Filed 6/6/13 Gerbasi v. PHH Home Loans CA2/2
NOT TO BE PUBLISHED IN THE OFFICIAL REPORTS
California Rules of Court, rule 8.1115(a), prohibits courts and parties from citing or relying on opinions not certified for publication or ordered published, except as specified by rule 8.1115(b). This opinion has not been certified for publication or ordered published for purposes of rule 8.1115.
IN THE COURT OF APPEAL OF THE STATE OF CALIFORNIA
SECOND APPELLATE DISTRICT
|SUZY FRANK GERBASI,
Plaintiff and Appellant,
PHH HOME LOANS, LLC,
Defendant and Respondent.
(Los Angeles County
Super. Ct. No. SC113994)
APPEAL from a judgment of the Superior Court of Los Angeles County.
- Chester Horn, Jr., Judge. Affirmed.
Robert Hindin & Associates, Robert Marc Hindin for Plaintiff and Appellant.
Severson & Werson, Jan T. Chilton, Jon D. Ives for Defendant and Respondent.
Appellant contends the trial court erred by sustaining a demurrer without leave to amend. We find that the complaint’s allegations clearly establish appellant’s claims are barred by the statute of limitations. Accordingly, we affirm.
FACTUAL AND PROCEDURAL BACKGROUND
Plaintiff and appellant Suzy Frank Gerbasi knew Ian Mitchell for almost 20 years. Mitchell worked for defendant and respondent PHH Home Loans, LLC, dba First Capital (First Capital). Gerbasi, who deals in real estate, frequently referred her clients to Mitchell and First Capital to obtain loans for their real estate purchases.
In June 2008, Mitchell contacted Gerbasi and urged her to make a three-month term loan in the principal amount of $270,000 to his “friend,” Shannon Masjedi. Mitchell told Gerbasi that the money was for Masjedi to invest in a business in Florida and that Gerbasi would receive interest payments in addition to repayment of the principal. Gerbasi agreed to make the loan and delivered $270,000 to Mitchell, who prepared a promissory note.
In around late June, Gerbasi was given a promissory note secured by deed of trust (the note) in the amount of $270,000, which called for monthly interest-only payments in the amount of $2,700, beginning on June 30, 2008, until the principal sum became due on September 30, 2008. The interest on the loan was 24 percent, the note was signed by both Masjedi and Mitchell as borrowers receiving the proceeds of the loan, and the note stated that First Capital was paid $8,700.65 in commission as the brokerage arranging the loan. Gerbasi had not been advised by Mitchell that he would be a borrower. She also had not been told that the interest rate for the loan would be usurious, or that First Capital would receive a commission.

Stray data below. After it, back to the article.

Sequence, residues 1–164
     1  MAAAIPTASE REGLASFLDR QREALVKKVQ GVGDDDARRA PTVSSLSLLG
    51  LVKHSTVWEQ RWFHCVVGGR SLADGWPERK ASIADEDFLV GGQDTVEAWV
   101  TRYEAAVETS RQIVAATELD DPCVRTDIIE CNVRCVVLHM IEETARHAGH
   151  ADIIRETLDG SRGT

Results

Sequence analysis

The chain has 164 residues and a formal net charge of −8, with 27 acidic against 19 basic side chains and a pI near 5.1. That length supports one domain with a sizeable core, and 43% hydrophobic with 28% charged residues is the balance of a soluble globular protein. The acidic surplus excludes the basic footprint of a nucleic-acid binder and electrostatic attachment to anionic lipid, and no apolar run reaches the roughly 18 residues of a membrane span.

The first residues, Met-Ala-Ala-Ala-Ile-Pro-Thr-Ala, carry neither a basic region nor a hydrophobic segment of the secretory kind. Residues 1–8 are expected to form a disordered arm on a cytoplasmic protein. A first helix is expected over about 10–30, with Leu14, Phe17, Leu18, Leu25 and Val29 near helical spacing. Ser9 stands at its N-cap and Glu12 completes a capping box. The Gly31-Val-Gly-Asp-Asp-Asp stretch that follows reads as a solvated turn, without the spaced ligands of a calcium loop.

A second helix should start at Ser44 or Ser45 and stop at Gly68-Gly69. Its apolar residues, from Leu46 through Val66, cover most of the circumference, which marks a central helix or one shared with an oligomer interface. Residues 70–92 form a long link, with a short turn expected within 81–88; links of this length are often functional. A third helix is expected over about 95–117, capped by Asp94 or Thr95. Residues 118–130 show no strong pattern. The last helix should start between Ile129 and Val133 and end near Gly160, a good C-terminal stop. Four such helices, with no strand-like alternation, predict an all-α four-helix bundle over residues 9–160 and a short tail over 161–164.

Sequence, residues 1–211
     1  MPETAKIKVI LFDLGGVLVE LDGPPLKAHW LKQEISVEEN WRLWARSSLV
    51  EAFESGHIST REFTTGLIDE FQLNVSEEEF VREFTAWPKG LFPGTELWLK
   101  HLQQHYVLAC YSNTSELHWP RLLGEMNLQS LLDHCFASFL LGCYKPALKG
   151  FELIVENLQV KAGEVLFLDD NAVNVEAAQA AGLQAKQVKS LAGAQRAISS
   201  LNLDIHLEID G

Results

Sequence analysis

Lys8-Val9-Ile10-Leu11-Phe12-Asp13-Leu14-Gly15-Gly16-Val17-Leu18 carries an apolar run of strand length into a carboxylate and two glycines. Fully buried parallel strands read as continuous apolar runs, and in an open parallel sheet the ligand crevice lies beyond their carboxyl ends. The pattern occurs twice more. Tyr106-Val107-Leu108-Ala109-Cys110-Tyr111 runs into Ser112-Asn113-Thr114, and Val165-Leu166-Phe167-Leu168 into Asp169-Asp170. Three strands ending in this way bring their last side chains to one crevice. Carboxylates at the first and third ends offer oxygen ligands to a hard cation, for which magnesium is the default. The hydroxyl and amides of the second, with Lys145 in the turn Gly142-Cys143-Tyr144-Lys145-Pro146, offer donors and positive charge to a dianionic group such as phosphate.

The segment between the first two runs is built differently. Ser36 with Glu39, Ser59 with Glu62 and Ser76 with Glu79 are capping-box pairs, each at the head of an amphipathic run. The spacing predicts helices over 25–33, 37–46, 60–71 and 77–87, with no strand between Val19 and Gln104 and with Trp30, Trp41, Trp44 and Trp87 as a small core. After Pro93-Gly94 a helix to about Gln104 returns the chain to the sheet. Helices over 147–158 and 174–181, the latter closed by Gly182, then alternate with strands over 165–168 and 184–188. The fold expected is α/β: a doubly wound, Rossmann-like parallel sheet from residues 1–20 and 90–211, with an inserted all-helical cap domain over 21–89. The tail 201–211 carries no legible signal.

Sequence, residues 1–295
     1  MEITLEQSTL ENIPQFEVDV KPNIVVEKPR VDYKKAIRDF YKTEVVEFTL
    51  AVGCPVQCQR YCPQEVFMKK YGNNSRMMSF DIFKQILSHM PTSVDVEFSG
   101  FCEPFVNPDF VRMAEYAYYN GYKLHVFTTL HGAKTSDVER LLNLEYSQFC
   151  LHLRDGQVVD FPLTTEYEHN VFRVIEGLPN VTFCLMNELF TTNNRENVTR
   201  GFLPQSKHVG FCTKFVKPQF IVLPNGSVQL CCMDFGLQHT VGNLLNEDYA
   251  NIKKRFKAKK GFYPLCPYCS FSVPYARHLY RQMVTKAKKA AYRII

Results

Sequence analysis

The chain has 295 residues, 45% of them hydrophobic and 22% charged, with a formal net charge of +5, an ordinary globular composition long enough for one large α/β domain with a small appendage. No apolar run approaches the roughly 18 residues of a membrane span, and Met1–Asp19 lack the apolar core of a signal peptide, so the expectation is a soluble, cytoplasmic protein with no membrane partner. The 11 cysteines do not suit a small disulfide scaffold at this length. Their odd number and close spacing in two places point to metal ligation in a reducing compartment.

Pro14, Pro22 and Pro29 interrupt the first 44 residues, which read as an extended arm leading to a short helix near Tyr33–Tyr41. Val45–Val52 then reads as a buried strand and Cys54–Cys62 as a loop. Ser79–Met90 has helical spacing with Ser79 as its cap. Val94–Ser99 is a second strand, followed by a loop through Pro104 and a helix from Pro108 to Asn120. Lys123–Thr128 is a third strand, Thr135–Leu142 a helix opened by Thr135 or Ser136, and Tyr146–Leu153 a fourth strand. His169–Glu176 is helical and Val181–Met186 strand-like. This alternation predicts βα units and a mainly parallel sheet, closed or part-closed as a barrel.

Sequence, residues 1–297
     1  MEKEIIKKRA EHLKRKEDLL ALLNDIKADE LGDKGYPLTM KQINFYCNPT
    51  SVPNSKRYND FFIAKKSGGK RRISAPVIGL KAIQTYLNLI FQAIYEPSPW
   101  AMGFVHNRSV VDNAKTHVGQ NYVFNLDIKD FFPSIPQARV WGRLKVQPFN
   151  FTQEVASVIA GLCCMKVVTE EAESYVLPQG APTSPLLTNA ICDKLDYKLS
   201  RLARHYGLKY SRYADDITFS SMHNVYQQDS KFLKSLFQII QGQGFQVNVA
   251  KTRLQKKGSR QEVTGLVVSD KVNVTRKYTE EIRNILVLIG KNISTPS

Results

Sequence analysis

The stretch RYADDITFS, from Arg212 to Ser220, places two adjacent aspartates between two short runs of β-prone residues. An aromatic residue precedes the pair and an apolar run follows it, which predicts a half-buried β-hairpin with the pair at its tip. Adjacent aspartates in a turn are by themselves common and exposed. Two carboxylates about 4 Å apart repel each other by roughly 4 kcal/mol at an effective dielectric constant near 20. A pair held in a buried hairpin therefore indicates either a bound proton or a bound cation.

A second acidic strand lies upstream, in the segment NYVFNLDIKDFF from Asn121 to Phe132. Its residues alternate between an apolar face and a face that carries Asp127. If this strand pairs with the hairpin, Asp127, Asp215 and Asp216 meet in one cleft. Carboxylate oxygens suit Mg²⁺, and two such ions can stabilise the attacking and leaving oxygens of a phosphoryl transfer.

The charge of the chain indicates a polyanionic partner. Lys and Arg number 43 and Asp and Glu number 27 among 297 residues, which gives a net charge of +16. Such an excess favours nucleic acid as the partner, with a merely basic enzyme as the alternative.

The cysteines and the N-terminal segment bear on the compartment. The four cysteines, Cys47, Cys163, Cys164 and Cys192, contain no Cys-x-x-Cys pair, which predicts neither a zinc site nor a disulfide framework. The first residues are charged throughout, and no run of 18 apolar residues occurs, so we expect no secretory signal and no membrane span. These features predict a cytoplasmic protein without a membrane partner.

In early July, Gerbasi received a Housing and Urban Development statement and, for the first time, discovered that the $270,000 loaned to Masjedi was not for business use, but was instead paid to an entity called Mam Wealth Management Real Estate Fund I, L.P. (Mam Wealth) to resolve a debt owed by Masjedi. According to the complaint, “Mitchell lied about the use of the money, failed to disclose himself as a borrower on the Note, did not advise plaintiff about the usurious interest rate and fabricated statements about Masjedi’s honesty.” Gerbasi received only one payment against the note in the amount of $2,700, after the initial check was returned and marked “NSF.” Mitchell and Masjedi both filed for bankruptcy.
Gerbasi filed a complaint against First Capital on August 31, 2011, for fraud (deceit), negligent misrepresentation, and breach of fiduciary duty. First Capital filed a demurrer to the complaint arguing, among other things, that the complaint was barred by the statute of limitations. The trial sustained the demurrer without leave to amend, and judgment was entered against Gerbasi on January 30, 2012.
Gerbasi timely appealed.
We review a ruling sustaining a demurrer de novo, exercising independent judgment on the issue of whether the complaint states a cause of action as a matter of law. (Desai v. Farmers Ins. Exchange (1996) 47 Cal.App.4th 1110, 1115.) We give the complaint a reasonable interpretation, treating the demurrer as admitting all material facts properly pleaded, but not assuming the truth of contentions, deductions or conclusions of law. (Aubry v. Tri-City Hospital Dist. (1992) 2 Cal.4th 962, 967.) A demurrer tests the legal sufficiency of the complaint. (Hernandez v. City of Pomona (1996) 49 Cal.App.4th 1492, 1497.) As such, we are not concerned with the difficulties a plaintiff may have in proving the claims made in the complaint. (Desai, at p. 1115.)
On appeal, Gerbasi argues that the complaint’s causes of action sound in fraud, which has a three-year statute of limitations. (Code Civ. Proc., § 338, subd. (d).) First Capital contends that Gerbasi’s complaint was filed more than three years after the statute of limitations began to run, and is therefore time-barred.